"There is no legal basis for the call by Kenyan officials for the UN Security Council to suspend the ICC's Kenya investigation," Evenson said. "After three years of inaction by Kenya's justice system, Security Council members should support, not hinder, the ICC's efforts to ensure that perpetrators are held to account and victims obtain justice."


The ICC is the world's first permanent court mandated to bring to justice perpetrators of war crimes, crimes against humanity, and genocide when national courts are unable or unwilling to do so. Currently, 114 states are parties to the ICC.

The Kenyan investigation is the fifth of the ICC's investigations, which now total six, and was the first opened by the prosecutor using his proprio motu powers under article 15 of the Rome Statute, which allow him to act on his own initiative. The ICC prosecutor previously opened investigations in the Democratic Republic of Congo, northern Uganda, and the Central African Republic following voluntary referrals by states. The other two investigations came about following UN Security Council referrals to the prosecutor, of the Darfur region of Sudan in 2005 and Libya in 2011. Based on these investigations, a total of 15 arrest warrants and nine summonses to appear have been issued, including those in the Kenya situation.

The investigation in Kenya was authorized by a majority of three judges sitting as an ICC pre-trial chamber. In a dissenting opinion, Judge Hans-Peter Kaul held that the crimes committed during the post-election violence did not fall within the ICC's jurisdiction because there was no reasonable basis to believe that those crimes were committed pursuant to a state or organizational policy, a requirement of a crime against humanity under article 7(2)(a) of the Rome Statute. Judge Kaul also dissented from the chamber's decisions on the summonses, but his opinion has not yet been made public.

Like an arrest warrant, an ICC summons to appear contains the charges against an individual and triggers proceedings that may ultimately bring a case to trial. But unlike an arrest warrant, the summons imposes only an obligation on the individual to appear before the court, as opposed to any obligation on the Kenyan authorities or the authorities of any other ICC state party to arrest the person. If the accused fails to appear or does not comply with conditions in the summons, the pre-trial chamber may decide to issue an arrest warrant.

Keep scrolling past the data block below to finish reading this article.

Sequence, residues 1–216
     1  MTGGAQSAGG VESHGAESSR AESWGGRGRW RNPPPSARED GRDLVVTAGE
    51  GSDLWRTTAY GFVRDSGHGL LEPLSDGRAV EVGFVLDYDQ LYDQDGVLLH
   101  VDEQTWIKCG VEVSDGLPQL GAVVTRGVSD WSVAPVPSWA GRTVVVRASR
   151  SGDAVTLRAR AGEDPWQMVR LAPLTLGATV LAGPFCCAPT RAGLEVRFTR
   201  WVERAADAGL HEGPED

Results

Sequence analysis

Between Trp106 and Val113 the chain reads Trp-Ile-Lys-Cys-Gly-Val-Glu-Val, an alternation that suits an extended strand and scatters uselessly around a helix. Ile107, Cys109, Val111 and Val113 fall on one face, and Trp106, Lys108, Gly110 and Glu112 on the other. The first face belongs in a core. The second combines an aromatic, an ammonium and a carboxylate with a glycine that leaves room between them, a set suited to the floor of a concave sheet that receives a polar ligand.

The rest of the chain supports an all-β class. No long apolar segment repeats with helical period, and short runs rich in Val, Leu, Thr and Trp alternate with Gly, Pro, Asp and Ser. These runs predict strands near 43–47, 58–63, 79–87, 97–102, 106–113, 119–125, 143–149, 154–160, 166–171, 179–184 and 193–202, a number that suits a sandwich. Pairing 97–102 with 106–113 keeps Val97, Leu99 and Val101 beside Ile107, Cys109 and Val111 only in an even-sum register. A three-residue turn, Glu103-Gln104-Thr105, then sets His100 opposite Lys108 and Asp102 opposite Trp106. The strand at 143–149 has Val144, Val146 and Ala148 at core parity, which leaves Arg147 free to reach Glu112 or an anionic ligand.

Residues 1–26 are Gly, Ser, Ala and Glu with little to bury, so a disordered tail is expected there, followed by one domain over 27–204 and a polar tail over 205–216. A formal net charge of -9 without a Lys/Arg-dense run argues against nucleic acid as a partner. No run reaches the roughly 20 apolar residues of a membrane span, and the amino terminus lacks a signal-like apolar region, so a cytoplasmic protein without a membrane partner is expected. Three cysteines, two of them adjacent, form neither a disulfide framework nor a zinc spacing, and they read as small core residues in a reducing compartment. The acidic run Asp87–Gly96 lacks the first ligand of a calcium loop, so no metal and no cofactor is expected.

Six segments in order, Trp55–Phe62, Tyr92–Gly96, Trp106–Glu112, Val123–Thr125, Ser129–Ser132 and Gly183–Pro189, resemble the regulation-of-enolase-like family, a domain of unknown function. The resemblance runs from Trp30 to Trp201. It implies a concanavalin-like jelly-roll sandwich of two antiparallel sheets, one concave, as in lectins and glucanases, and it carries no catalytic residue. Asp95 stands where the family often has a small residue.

In issuing the summonses, the chamber did not include torture as a crime against humanity in the case against Ruto, Kosgey, and Sang, as requested by the ICC prosecutor. It also declined to include counts against Muthaura, Kenyatta, and Ali for allegedly instructing the police to target perceived Orange Democratic Movement supporters and to suppress their protests in Kisumu city and Kibera, an informal settlement in Nairobi. Unlawful police killings accounted for as many as one-third of the total deaths during the post-election violence, according to the report of the Commission of Inquiry into the Post-Election Violence (Waki Commission). The pre-trial chamber indicated that the prosecutor could seek to make additional submissions in the future as to both matters.

The pre-trial chamber found reasonable grounds to believe that Ruto and Kosgey, on the one hand, and Muthaura and Kenyatta, on the other, were principal perpetrators under article 25(3)(a) of the Rome Statute, but did not find that to be the case for Sang and Ali. Instead, Sang and Ali are accused of having contributed to the commission of crimes, a different mode of liability provided for in article 25(3)(d).

The ICC prosecutor is also looking at a number of other situations in countries around the world. These include Colombia, Georgia, Cote d'Ivoire, Afghanistan, Guinea, Nigeria, and Honduras. The Palestinian National Authority has also petitioned the ICC prosecutor to accept jurisdiction over alleged crimes committed in Gaza.

The ICC is a court of last resort. It only steps in where national jurisdictions are unable or unwilling to prosecute Rome Statute crimes.